Skip to main content
Toggle Menu of ADA WebSites
ADA Websites
Commissions
Toggle Search Area
Toggle Menu
e-mail Print Share

ADA initiates grassroots campaign in response to CARES Act

Dentists ask lawmakers to support provisions important to dentistry in coronavirus legislation

March 22, 2020

By Jennifer Garvin

Coronavirus image featuring Capitol Building

Washington — The ADA is calling on dentists everywhere to contact their legislators ahead of the Senate’s vote on the Coronavirus Aid, Relief and Economic Security Act.

In a March 21 Issues Alert email that went to dentists nationwide, the Association asked dentists to visit the ADA Legislative Action Center to ask their senators and representatives to support key provisions in the CARES Act. The vote is expected to take place March 23. As of 7 p.m., March 22, more than 37,000 dentists had sent more than 106,000 emails to Congress and the number continued to grow at press time.

“You should know that members of Congress in the House and Senate — Republicans and Democrats alike — understand that this bill is critical for small businesses, particularly dentists and dental practices,” the alert said. “They know this because Congress has received over 200,000 emails from over 72,000 dentists. By Washington standards, these are extraordinary numbers! We need to repeat this achievement once more.”

Here is what the ADA is urging lawmakers to include in the final version of the CARES Act so dental practices across the country will have the opportunity to remain open to serve their patients and their communities:

  • A variety of enhanced Small Business Administration loan options such as disaster loans, SBA 7(a) Loans and SBA Express Loans that will enable dental practices to quickly receive cash at affordable rates to maintain their practices and serve their patients. The ADA noted that this provision is important because it will allow dentists with these loans to qualify for tax-free loan forgiveness on amounts spent on certain payroll expenses, sick leave and family leave.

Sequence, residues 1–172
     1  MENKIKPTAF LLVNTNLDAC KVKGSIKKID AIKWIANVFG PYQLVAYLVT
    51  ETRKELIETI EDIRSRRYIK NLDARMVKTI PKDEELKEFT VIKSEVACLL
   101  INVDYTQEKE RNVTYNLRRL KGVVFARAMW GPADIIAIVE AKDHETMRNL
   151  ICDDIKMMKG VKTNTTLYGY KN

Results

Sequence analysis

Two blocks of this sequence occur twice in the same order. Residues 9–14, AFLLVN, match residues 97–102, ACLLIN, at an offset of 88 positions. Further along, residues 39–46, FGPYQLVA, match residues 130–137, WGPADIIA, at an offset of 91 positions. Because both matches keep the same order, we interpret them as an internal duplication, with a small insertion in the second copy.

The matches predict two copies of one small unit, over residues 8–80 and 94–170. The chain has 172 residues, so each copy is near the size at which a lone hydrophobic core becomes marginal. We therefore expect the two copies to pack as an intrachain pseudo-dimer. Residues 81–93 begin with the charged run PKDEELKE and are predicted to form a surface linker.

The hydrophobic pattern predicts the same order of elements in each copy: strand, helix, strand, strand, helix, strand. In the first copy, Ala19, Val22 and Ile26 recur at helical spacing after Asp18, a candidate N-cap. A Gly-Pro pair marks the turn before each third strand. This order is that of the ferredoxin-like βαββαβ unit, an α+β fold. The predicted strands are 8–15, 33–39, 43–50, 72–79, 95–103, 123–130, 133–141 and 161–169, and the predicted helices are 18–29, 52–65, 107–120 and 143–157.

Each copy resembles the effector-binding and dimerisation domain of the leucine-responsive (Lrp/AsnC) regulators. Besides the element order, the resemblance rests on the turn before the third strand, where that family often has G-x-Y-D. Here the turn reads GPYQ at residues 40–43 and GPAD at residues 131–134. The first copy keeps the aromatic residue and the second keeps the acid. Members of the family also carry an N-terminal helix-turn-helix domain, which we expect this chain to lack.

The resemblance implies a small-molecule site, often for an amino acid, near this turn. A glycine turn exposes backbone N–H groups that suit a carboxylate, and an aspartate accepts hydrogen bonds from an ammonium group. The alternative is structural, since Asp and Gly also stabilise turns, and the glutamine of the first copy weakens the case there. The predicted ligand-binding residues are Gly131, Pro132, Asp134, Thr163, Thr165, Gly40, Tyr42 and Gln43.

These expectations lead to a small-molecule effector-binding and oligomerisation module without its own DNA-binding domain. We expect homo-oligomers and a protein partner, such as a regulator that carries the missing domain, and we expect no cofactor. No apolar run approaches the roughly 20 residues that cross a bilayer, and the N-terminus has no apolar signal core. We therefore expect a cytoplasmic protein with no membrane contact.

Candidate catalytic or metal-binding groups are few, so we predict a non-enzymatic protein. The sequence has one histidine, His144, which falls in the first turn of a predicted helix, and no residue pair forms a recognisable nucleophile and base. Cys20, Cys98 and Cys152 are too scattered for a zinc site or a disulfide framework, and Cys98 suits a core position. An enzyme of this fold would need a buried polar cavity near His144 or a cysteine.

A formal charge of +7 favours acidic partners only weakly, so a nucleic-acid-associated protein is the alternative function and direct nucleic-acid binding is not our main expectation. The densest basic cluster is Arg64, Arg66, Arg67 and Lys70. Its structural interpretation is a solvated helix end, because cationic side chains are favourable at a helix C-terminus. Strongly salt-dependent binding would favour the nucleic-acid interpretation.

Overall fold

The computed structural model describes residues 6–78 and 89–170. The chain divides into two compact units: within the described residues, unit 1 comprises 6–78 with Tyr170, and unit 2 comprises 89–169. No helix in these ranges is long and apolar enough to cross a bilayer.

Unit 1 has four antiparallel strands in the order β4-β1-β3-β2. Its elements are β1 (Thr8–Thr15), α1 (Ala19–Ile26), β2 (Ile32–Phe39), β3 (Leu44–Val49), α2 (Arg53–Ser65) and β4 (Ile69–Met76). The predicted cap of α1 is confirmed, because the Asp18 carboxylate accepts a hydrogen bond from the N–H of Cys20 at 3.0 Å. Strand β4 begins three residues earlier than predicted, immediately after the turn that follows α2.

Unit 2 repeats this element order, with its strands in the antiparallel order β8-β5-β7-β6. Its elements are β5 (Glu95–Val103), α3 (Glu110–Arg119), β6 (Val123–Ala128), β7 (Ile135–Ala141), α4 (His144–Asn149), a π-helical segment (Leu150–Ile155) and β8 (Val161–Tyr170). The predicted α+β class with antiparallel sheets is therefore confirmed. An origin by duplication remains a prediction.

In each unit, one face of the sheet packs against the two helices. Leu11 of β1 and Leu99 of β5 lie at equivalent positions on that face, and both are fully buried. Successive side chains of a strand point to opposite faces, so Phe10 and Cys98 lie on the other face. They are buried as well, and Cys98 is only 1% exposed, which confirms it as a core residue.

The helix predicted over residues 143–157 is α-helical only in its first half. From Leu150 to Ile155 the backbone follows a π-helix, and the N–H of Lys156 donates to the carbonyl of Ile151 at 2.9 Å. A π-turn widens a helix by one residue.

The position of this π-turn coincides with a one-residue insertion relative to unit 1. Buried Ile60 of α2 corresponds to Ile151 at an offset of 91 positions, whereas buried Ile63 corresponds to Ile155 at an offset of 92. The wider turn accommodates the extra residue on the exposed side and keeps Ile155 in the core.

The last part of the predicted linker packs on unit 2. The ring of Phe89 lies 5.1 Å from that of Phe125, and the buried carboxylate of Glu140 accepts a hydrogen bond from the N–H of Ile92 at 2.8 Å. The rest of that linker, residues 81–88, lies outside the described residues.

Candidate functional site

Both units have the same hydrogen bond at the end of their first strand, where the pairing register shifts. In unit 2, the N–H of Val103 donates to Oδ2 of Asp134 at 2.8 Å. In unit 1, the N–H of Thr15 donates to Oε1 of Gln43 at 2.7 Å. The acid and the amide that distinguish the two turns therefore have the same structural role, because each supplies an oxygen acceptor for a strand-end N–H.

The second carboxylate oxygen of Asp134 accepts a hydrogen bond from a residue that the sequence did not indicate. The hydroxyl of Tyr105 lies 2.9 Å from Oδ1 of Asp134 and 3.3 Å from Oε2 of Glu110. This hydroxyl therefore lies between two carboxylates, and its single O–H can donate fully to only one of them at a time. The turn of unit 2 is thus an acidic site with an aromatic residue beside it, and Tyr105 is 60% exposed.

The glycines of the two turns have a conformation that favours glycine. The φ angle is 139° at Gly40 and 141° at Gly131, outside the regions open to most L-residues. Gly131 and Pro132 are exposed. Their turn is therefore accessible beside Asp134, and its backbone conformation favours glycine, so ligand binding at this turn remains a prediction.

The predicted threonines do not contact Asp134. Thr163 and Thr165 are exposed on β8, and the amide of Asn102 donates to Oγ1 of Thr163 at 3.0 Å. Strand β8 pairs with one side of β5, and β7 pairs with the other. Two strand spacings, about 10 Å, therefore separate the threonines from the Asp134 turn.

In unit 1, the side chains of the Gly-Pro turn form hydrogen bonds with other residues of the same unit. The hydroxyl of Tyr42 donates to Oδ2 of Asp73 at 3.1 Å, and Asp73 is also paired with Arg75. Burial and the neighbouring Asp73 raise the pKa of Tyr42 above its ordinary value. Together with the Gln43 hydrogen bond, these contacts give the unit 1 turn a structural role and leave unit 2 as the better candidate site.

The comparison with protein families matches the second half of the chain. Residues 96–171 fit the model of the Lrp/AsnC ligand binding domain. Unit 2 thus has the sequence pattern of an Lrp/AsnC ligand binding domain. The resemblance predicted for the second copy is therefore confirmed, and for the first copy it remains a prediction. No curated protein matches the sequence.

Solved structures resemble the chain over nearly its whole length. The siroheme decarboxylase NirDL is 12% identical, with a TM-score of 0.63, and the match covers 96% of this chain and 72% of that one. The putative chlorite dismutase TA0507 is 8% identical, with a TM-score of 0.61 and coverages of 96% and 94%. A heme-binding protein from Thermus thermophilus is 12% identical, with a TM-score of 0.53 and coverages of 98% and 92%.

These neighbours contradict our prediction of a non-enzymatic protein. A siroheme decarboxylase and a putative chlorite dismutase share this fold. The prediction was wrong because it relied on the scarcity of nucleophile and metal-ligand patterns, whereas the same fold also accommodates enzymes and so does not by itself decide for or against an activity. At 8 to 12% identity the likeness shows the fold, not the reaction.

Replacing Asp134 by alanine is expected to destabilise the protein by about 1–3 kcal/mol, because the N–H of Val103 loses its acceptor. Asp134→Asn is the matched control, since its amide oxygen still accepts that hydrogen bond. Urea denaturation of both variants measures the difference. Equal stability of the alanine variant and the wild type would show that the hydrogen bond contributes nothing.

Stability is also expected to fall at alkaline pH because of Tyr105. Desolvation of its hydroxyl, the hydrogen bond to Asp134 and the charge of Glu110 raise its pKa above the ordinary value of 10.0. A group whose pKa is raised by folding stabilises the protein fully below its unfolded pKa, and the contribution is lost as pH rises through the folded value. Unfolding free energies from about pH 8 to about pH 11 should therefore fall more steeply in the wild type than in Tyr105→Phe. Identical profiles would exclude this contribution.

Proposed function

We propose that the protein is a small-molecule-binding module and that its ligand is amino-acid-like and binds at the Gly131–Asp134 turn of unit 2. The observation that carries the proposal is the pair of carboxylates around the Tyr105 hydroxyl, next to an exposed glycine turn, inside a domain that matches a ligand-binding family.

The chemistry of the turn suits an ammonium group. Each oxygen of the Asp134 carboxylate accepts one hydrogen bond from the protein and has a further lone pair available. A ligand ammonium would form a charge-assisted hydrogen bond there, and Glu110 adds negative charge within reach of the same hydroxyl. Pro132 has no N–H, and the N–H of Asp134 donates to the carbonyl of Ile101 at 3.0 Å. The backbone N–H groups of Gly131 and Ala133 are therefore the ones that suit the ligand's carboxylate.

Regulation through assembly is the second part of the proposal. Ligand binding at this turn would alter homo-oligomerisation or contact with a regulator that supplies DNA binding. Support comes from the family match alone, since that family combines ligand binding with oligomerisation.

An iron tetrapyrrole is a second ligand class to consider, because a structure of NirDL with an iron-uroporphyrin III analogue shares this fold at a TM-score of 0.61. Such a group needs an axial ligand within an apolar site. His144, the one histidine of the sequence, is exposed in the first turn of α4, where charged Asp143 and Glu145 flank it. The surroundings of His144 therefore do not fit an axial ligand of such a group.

• Temporary relief for student loan borrowers to allow individuals with outstanding federal student loans to suspend their student loan payments for three months interest-free, with the possibility to extend the suspension period for an additional three months.
  • Expand the secretary of labor’s authority to be able to exempt small businesses with fewer than 50 employees from paid leave provisions.
  • Extend rebates by as much as $1,200 for individual tax filers and $2,400 for couples who file joint tax returns with appropriate income limitations.
  • Allow individuals to withdraw as much as $100,000 from their retirement accounts through the end of 2020 without penalty.
  • Delay payroll taxes for employers and self-employed individuals and defer payment of the employer share of the Social Security tax they are responsible for paying to the federal government for their employees for the following two years.

To contact your members of Congress, visit the ADA Legislative Action Center.

For a comprehensive FAQ to help explain how the federal government is responding to the coronavirus pandemic, visit the House Committee on Ways and Means website.

Visit ADA.org/virus for the latest ADA information on Covid-19.